He’s arguably the most powerful man in oil, and made a colossal declaration…
Recently, Saudi Arabian Energy Minister, Prince Abdulaziz bin Salman, vowed to drill “every last molecule” and be the last man standing in the oil world.
It’s a bold statement in a world that has become fascinated with hydrocarbon reduction.
Calling consensus building amongst his OPEC counterparts and Russia a “state secret and art” Abdulaziz has orchestrated an impressive return of oil prices since the 2020 pandemic with prices gaining nearly 40% year to date.
This sent the shares of oil producers rocketing higher, many of which are up 50% or more this year.
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Global oil production growth has remained muted, while global oil consumption has continued to improve.
This has led to a tighter oil market which has strengthened prices while stabilizing national and corporate balance sheets.
Designed by Abdulaziz, last year OPEC and Russia implemented a massive 9.7 million barrel per day production cut in an effort to thwart massive declines in oil demand and to support crumbling oil prices.
Below is a chart which shows the historical production of OPEC and Russia.
The production cut worked and upon the initiation of global vaccine rollouts, oil demand increased while oil inventories around the world began to decline.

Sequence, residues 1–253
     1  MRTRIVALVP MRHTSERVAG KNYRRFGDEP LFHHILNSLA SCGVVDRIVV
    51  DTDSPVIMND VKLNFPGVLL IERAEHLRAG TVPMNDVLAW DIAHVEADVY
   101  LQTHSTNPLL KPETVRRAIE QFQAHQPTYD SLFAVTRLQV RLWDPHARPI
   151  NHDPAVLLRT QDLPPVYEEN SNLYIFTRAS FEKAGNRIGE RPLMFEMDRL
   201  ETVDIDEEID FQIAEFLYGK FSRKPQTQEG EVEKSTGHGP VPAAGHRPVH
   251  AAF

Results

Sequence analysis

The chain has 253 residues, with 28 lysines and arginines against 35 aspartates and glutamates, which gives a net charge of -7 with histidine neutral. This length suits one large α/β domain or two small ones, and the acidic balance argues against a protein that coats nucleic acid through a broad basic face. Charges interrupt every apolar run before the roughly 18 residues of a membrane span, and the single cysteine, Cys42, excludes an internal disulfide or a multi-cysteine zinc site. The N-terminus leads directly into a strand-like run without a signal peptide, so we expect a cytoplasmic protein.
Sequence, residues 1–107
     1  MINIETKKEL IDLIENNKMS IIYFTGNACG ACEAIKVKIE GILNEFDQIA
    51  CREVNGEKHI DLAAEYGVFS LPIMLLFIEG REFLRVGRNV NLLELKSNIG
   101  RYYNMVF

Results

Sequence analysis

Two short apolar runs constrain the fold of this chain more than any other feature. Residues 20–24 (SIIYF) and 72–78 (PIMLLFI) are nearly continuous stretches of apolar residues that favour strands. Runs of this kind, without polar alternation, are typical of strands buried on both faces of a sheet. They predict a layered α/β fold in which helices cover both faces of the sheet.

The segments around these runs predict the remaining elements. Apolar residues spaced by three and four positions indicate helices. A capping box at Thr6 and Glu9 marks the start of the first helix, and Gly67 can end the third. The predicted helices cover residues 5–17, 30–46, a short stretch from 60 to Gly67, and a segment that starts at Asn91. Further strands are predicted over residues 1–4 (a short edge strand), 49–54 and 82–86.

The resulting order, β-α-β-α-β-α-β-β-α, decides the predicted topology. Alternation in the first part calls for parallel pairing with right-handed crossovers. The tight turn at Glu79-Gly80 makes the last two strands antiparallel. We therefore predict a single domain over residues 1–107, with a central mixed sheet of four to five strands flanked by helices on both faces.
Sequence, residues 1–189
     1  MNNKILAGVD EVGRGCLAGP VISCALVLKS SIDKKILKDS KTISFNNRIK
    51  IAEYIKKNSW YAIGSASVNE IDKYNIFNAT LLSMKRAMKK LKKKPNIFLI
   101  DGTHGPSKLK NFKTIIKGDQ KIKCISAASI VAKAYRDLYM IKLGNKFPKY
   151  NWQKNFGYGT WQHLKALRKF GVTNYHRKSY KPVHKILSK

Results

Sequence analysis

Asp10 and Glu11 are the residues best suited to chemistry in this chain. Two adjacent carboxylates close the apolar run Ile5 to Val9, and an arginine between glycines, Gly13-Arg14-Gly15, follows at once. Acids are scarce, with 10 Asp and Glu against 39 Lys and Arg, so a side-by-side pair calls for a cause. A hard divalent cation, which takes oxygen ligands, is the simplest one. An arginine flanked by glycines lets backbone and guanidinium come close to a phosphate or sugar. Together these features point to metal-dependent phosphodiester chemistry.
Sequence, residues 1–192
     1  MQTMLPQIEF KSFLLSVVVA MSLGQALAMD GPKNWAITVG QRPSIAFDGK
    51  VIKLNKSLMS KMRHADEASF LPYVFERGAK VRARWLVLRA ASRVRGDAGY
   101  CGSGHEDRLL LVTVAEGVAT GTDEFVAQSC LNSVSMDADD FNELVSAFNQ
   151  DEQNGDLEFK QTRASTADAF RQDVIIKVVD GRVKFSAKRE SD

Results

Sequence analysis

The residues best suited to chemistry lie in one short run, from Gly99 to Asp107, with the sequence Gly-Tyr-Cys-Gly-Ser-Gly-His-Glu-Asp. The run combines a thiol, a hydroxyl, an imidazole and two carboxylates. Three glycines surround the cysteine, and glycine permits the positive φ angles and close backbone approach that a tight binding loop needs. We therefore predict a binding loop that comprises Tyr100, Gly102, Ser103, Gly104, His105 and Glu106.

- Today the world is undersupplied by approximately 1 million barrels per day.
It’s a far cry from pandemic demand levels in March-April 2020 when the market was oversupplied by 20 million barrels per day. The chart below shows this dramatic shift in imbalances.
Let’s Look at Oil Inventory…
Inventory levels fall when demand is greater than supply.
Barrels normally held in inventory are released to the market to soak up the excess demand.
- Global crude oil inventory levels have declined by over 200 million barrels, and it is forecast that over the next 3-4 months an additional 100 million barrels could leave storage tanks.
Below is a chart which shows this mega build up in global crude oil inventories followed by the subsequent decline after the production cut.
You’ll notice in 2022+ inventory levels are forecast to rise and likely peaking between 2.9 and 3 billion barrels.
Inventory levels in this range indicate a normalized market when compared against demand considerations.